The inclusions within the 0.774 carat, H color, VS-2 clarity diamond with strong blue fluorescence are listed on the plotting diagram of the AGSL Light Performance Diamond Grading Report as crystal, cloud, feather… a cloud is nothing more than a small group of pinpoint size diamond crystals which are located in close proximity to one another and a feather is a minute fracture within the diamond, in this case it is so minimal that it does not present a concern.  Once again if you use the magnifying tool provided on the diamond details page you will see that the inclusions are quite small and difficult to locate even with magnification.

    The inclusions within the 0.812 carat, I color, VS-2 clarity diamond with strong blue fluorescence are listed on the plotting diagram of the AGSL Light Performance Diamond Grading Report as crystal and feather, here again they are minimal and of no consequence.  In this particular instance, the inclusions seem to be primarily located out within the edges of the diamond which will make them a little more difficult to locate because the crown and pavilion facets will help to mask their visibility.

    The ASET Scope and Ideal Scope images for all three diamonds look great and thus I’m pretty confident that you could virtually select any one of these three diamonds and be absolutely ecstatic with it in terms of visual performance and sparkle factor, however I’m inclined to agree with you and lean towards the 0.812 carat, I color, VS-2 clarity puppy simply because it’s going to face up a little larger and the strong blue fluorescence will help to offset the I color.

    By the way, I tend to be more concerned with the body color of a diamond when it is not a super ideal cut diamond because it is easier to judge body color when the visual performance of the diamond is not that great… however with diamonds of this cut quality, I’m much less concerned with the body color because the sparkle factor is going to make it difficult to judge body color when you or the diamond is moving because the scintillation created by the movement is going to distract the eye and make it more difficult to discern color…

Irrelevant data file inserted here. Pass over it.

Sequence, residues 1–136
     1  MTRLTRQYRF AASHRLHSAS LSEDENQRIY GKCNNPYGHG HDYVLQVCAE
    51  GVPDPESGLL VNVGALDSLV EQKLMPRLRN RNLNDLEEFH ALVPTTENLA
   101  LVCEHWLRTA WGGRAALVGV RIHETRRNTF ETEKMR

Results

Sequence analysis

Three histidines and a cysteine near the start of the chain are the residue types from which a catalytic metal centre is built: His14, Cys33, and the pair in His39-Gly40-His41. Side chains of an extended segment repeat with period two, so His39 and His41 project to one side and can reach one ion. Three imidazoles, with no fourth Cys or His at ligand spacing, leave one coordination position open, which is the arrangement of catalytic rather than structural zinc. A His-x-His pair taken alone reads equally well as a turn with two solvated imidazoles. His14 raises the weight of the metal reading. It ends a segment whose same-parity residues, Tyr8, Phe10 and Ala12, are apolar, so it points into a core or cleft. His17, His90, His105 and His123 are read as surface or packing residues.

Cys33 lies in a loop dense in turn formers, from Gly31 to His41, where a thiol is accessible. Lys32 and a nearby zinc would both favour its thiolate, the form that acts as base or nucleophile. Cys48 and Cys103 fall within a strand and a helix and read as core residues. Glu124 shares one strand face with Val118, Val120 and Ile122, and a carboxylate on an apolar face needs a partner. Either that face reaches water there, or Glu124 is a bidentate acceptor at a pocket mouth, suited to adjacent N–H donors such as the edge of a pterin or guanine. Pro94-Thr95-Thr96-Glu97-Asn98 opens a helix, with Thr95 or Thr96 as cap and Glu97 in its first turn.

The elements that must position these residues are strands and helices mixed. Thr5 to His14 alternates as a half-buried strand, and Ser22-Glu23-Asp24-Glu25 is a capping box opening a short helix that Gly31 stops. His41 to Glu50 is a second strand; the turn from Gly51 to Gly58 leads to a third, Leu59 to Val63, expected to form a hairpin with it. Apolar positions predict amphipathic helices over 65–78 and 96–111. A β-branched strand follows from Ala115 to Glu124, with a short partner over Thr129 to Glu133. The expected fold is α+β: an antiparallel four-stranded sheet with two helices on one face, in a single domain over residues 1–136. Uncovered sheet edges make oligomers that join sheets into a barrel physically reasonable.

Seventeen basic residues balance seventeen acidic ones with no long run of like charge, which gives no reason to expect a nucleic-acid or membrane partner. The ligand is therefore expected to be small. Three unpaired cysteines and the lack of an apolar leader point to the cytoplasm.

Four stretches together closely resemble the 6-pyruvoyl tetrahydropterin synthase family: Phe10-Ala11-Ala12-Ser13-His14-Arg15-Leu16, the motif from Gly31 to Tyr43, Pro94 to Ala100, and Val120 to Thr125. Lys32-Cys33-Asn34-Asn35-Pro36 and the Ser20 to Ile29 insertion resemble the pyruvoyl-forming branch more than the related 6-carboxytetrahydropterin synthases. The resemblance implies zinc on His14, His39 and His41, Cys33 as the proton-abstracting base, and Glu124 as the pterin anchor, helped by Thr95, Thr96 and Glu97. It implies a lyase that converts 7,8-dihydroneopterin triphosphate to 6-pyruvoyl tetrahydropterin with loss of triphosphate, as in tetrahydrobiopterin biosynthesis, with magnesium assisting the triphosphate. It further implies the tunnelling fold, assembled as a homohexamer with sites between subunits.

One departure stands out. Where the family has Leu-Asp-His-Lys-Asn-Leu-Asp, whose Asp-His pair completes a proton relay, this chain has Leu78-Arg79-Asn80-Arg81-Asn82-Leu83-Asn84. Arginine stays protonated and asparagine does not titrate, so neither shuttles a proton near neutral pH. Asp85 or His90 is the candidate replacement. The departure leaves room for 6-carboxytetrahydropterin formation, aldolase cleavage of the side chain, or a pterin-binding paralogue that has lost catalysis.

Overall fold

Of course it’s much easier to judge body color within a diamond when it is being evaluated in a laboratory setting where the diamond is viewed from a side profile while sitting down upon it’s table facet (culet pointing up) on a white colored diamond grading tray under the controlled light of a GIA Diamond Light in a pitch black room… but out in the real world, I’m not that concerned about body color in diamonds of this cut quality and I would not hesitate to purchase an I color diamond from the Brian Gavin Blue Collection.

    About the AuthorTodd Gray

    Todd Gray is a professional diamond buyer with 30+ years of trade experience. He loves to teach people how to buy diamonds that exhibit incredible light performance! In addition to writing for Nice Ice, Todd "ghost writes" blogs and educational content for other diamond sites. When Todd isn't chained to a desk, or consulting for the trade, he enjoys Freediving! (that's like scuba diving, but without air tanks)

    follow me on:

    Leave a Comment:

    2 comments
    Adam Jessome says November 30, 2012

    Thanks a lot! I was only expecting a little advice, but you surpassed my expectations with a very clear and informative analysis of my diamond options. I am now dead set on the 0.81 carat Brian Gavin Blue. Thank you for helping me find it, I’ll be sure to keep you updated when I have the guts to complete the ring!

    Reply
      Todd Gray says November 30, 2012

      Thanks Adam! I’m glad that you enjoyed my analysis of the diamonds you referenced from Brian Gavin… Detailed response is the only way I know how to answer so I’m glad it sufficed 😉

      Reply
    Add Your Reply

    0 Shares